Sexual advances, both at work and in public, are not touched on by legislative regulations
According to a report by the Public Defender, the ‘fight against discrimination and the establishment of equality, physical and psychological abuse against women’ remains a major problem.
In the report it states that legislative bodies do not react the way they should to incidents of abuse in the family or outside of it, and women who are victims of abuse are often also victims of discrimination.
The ombudsman stressed that law enforcement agencies often do not conduct interviews with possible victims, and there are also cases when they do not act the way they should when a possible perpetrator turns out to be an employee of the same agencies.
The document also describes reactions to sexual advances and says that ‘unfortunately, sexual advances both at work and in public are still outside the realm of legislation’.
“Sexual advances and oppression are common and their specific nature, which in the Georgian reality is a hidden phenomenon, is due to the fact that in the country there are still no gender stereotypes according to which unwanted relations are ‘provoked’ by the woman herself at work or in another atmosphere.
“The majority of victims do not know from whom they should seek help. Often, the victims believe that the situation is not serious enough or dangerous enough to warrant telling someone about it, and sometimes they think that they themselves are in some way guilty for having brought about the humiliating situation, and that they need to get over it,” says the report.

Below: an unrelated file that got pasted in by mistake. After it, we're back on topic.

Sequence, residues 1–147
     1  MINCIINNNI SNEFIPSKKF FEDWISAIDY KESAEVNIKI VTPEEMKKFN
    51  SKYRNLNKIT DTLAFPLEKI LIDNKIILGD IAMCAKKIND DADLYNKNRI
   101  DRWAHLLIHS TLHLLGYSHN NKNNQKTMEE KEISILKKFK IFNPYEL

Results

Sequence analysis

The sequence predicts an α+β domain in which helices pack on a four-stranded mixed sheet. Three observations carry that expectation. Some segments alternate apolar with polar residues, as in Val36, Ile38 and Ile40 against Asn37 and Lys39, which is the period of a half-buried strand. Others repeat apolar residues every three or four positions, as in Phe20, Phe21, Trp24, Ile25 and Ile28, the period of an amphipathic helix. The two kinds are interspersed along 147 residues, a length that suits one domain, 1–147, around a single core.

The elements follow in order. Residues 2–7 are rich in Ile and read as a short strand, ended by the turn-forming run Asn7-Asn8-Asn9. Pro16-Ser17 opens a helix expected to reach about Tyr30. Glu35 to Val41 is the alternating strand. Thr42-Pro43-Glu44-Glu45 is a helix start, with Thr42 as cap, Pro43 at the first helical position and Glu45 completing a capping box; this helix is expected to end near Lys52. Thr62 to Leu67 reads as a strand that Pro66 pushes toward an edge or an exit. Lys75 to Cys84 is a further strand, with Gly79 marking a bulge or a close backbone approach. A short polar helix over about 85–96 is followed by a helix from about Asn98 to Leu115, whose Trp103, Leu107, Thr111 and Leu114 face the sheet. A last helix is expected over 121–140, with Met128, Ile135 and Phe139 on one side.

According to a statement of the ombudsman Uchi Nanuashvili, despite the fact that Georgia has signed the convention of the Council of Europe in the fight against violence against women, domestic violence and the implementation of preventative actions. In doing so, Georgia took upon itself the obligation to legislate criminal responsibility and other sanctions for sexual assault and to enshrine them as a matter of law, and this issue has still not been resolved.
The ombudsman has, for the first time, given instructions for dealing with cases of sexual assault at work when an employee is assaulted by her employer.
The public defender studied 201 cases in a period spanning from September 2016 through to August 2017. Eleven recommendations and eleven general proposals were put forward. An investigation into 99 cases has been stopped. The majority of cases concerned discriminating factors such as dissent (12 per cent), sexual orientation and gender identity (11 percent), religion (10 percent) and political views (9 per cent).
A special report on The fight Against Discrimination, Its Eradication and the Situation With Equality is the third to be released after the law on anti-discrimination came into effect.